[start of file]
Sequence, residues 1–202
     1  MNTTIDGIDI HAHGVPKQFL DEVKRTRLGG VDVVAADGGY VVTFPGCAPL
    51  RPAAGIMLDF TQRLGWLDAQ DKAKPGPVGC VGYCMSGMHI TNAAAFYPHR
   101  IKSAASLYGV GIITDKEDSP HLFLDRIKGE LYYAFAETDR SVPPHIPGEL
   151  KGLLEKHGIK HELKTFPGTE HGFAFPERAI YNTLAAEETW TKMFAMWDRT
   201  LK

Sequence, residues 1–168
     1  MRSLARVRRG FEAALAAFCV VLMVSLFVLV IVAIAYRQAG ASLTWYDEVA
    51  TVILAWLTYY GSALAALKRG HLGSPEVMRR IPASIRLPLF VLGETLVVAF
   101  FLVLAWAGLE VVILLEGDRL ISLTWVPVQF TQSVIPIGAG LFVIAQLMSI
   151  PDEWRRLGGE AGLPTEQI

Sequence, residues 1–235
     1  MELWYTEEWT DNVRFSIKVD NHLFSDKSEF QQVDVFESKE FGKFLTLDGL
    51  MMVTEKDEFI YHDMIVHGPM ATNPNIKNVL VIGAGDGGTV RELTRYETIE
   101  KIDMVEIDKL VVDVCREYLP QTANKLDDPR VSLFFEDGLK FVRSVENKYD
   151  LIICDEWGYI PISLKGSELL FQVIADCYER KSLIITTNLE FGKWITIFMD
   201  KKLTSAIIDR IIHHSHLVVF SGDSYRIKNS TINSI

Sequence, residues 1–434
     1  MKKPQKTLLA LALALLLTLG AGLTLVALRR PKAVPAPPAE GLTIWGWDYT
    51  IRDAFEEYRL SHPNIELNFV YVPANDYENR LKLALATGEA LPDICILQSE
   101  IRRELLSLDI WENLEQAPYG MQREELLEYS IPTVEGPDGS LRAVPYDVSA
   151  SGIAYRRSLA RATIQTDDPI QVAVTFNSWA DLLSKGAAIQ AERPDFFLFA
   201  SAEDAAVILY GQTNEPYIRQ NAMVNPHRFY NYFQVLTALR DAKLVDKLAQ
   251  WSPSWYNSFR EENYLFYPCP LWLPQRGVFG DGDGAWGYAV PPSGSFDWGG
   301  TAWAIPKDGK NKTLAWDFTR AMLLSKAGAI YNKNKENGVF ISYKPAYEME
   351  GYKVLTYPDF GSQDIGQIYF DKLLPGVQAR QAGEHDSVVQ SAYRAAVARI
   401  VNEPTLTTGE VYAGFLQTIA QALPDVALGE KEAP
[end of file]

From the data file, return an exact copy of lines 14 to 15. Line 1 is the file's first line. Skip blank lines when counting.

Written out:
    51  MMVTEKDEFI YHDMIVHGPM ATNPNIKNVL VIGAGDGGTV RELTRYETIE
   101  KIDMVEIDKL VVDVCREYLP QTANKLDDPR VSLFFEDGLK FVRSVENKYD